When you're taking on a baking project, there are many different types of flour at your disposal. In fact, at this very moment I have 6 different types of flour in my pantry. I've got the staples—all-purpose flour (AP), cake flour, and bread flour—then some fun additions: whole wheat flour, almond flour, cassava flour.
Why is my pantry stocked with so many different types of flour? First, because I love to take on new baking challenges, but mainly because each type of flour suits a particular purpose. Some of these are self-explanatory (I use bread flour to bake bread, all-purpose flour for flour tortillas); other more niche flours require a bit of explanation (almond flour for macarons, cassava flour for flatbreads). But how can you tell which flour is best for your specific project?
Each flour has its strengths and weaknesses. I'm here to break down everything you need to know about 2 specific types of flour: Cake flour and all-purpose flour. When should you use one and not the other? Should you only use cake flour in cakes? Don't worry: I have answers to all your baking questions.
The main difference between types of flour is in the gluten content. Flour can be made from high-protein wheats ("hard wheat") or low-protein wheats ("soft wheat"). The more protein in the flour, the more gluten develops, which leads to more strength, volume, and elasticity in the final baked product. For example, bread flour—the strongest type of flour—is made from hard wheat, resulting in the denser, chewy texture desirable in bread. These qualities, however, are not desirable when baking more delicate pastries or cakes, where you want a tender crumb.
On the other end of the spectrum, cake flour—made from soft wheat—has the lowest protein content of all flours (7-9% protein). Since its gluten proteins are very weak, cake flour is often used to make soft, tender baked goods like cakes, pastries, or biscuits. A chlorination process further breaks down cake flour's gluten, creating a flour that's even more delicate.
All-purpose flour is made from a mixture of hard and soft wheat. In terms of structure, all-purpose flour has a moderate protein content (10-13% protein), so it holds its shape without delivering the same density or level of gluten development as bread flour. All-purpose flour is so widely used (and a default whenever a recipe simply calls for flour) because it's a good middle ground between flours that are higher or lower in gluten.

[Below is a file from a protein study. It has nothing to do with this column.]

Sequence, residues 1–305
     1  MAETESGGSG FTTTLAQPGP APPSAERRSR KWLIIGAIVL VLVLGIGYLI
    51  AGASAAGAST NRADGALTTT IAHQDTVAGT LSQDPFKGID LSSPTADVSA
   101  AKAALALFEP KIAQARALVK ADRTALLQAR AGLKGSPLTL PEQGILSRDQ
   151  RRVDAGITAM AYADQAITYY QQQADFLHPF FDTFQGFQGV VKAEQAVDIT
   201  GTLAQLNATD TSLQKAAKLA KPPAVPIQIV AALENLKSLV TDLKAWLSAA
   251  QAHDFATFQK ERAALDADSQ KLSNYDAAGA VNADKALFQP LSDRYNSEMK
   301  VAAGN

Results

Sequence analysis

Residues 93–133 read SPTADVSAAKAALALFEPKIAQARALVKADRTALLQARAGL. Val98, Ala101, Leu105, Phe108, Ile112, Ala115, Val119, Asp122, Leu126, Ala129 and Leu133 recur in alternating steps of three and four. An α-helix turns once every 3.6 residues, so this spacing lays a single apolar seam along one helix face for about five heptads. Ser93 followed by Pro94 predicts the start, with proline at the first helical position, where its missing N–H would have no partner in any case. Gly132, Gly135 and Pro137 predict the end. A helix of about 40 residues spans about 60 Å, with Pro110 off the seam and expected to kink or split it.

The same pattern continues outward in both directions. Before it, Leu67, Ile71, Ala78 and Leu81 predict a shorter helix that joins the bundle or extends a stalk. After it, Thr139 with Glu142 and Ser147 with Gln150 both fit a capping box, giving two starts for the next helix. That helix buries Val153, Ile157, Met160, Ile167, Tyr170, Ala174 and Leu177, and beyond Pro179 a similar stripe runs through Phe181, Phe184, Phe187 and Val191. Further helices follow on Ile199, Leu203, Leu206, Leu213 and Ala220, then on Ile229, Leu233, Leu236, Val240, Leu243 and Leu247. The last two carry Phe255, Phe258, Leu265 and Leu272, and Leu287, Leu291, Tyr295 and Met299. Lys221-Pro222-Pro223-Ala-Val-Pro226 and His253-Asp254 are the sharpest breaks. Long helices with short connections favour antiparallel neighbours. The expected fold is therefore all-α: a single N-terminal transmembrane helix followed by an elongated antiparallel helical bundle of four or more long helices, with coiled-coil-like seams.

Once you know the difference between cake flour and all-purpose flour, understanding when to use which flour becomes a bit easier. But the #1 rule is to follow the recipe. Use cake flour in recipes where you want an extra-light, extra-fluffy texture, like Angel Food Cake, Cream Cheese Pound Cake, or Buttermilk-Chocolate Cake. You can also use cake flour to bring a more tender crumb to other sweets, like Chocolate Crinkle Cookies.
If a recipe doesn't specify a certain type of flour, it's generally advisable to use all-purpose flour. All-purpose flour can be used for breads, muffins, cakes, and more.
Protein content isn't the only thing that's different about these flours. As Cooking Light points out, "All-purpose flour weighs about 4.5 ounces per cup while cake flour weights about 4 ounces per cup." (Remember, there is a right way to measure flour.)
Because of this discrepancy, you'll want to use a bit more cake flour to make an accurate substitution for all-purpose flour. Add an extra 2 tablespoons per cup of cake flour to equal the quantity in 1 cup of all-purpose flour.
If you're substituting all-purpose flour for cake flour, you'll want to reverse these ratios: Use 2 tablespoons less AP flour per cup of cake flour, and add 2 tablespoons of corn starch per cup.